Gordon Segal, founder and CEO of Crate and Barrel, says lack of wisdom is the reason his store got off the ground.
“We didn’t know anything about retail,” Segal recalled. “I had grown up in the restaurant business, so I knew about service but not about retail. We didn’t know a market from a markdown. We didn’t know anything about importing. In fact, if we weren’t 23 and totally lacking wisdom, we would never have done this. You just go ahead with your passions, and you rush forward without a great deal of thought,” Segal reflected…
“We were truly a counter-culture story of the 1960s,” Segal said. “We literally turned over packing crates, stacked up the merchandise and went into business. We just thought that was nothing special. Of course, everyone walked in and was amazed that these two young kids were starting this business, that we could find French pottery and Swedish glass and Danish flatware and bring it to a small, little street in Chicago called Old Town. It was really crazy, when I think back, that we felt that we could import product into a little 1,700 sq. ft. store.”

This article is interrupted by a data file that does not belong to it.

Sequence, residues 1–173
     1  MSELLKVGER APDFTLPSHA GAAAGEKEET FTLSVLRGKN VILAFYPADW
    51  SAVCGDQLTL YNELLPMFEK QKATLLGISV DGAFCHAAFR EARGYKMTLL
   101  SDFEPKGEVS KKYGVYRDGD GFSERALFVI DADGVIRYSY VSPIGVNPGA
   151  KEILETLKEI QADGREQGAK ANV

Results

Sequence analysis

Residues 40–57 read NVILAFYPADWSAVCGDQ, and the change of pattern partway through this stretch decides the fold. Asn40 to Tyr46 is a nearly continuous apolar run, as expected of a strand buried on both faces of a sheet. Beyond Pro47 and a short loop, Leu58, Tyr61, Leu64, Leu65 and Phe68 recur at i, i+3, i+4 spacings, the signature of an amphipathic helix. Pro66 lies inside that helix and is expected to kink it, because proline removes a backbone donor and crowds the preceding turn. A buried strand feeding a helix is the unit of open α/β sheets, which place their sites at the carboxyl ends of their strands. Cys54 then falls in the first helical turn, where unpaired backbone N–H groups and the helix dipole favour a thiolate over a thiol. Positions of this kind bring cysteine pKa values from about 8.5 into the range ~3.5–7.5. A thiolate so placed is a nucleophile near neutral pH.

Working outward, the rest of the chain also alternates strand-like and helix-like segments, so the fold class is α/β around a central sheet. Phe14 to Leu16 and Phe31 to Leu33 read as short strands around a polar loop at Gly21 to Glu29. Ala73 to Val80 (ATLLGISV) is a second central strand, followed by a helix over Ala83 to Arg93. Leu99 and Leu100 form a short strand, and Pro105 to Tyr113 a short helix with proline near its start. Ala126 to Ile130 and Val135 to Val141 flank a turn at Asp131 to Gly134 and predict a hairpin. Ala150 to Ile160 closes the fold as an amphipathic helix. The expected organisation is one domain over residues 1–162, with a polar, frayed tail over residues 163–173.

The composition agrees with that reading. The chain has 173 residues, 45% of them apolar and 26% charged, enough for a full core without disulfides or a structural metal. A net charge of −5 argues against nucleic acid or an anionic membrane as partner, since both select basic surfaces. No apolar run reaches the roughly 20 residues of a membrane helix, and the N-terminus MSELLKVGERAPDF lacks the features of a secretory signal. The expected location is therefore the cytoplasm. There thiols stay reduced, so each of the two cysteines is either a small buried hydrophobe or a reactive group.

Makes you wonder: How many others have succeeded because they didn’t know the rules? Because they didn’t realize that they were doing things they weren’t supposed to be doing?
We’re always taught to look before we leap, but it’s interesting to hear about the Segals of the world — those who succeed by rushing forward without thinking.
But doesn’t wisdom lead to success? Sure, it often does. But sometimes the winners are those who don’t have a lot of wisdom. Look at NFL quarterbacks. Routinely the best ones aren’t the brightest.
All quarterbacks drafted into the pros are required to take an I.Q. test—the Wonderlic Personnel Test…Of the five quarterbacks taken in round one of the 1999 draft, Donovan McNabb, the only one of the five with a shot at the Hall of Fame, had the lowest Wonderlic score. And who else had I.Q. scores in the same range as McNabb? Dan Marino and Terry Bradshaw, two of the greatest quarterbacks ever to play the game.
Maybe these quarterbacks succeed in part because they don’t have the highest IQs. Maybe they go with their gut instead of overanalyzing things.
Now, I don’t want to sound like I’m celebrating ignorance. Leaping before you look isn’t the best way to, say, invade a foreign country. But if you’re doing something with a little less downside — like starting a business — maybe you’re better off ignoring all the naysayers who tell you that you need to spend tons of time and money on planning, researching, testing, educating yourself, studying the competition, etc. Sometimes there’s real value in not worrying about what you don’t know and just putting something out into the world.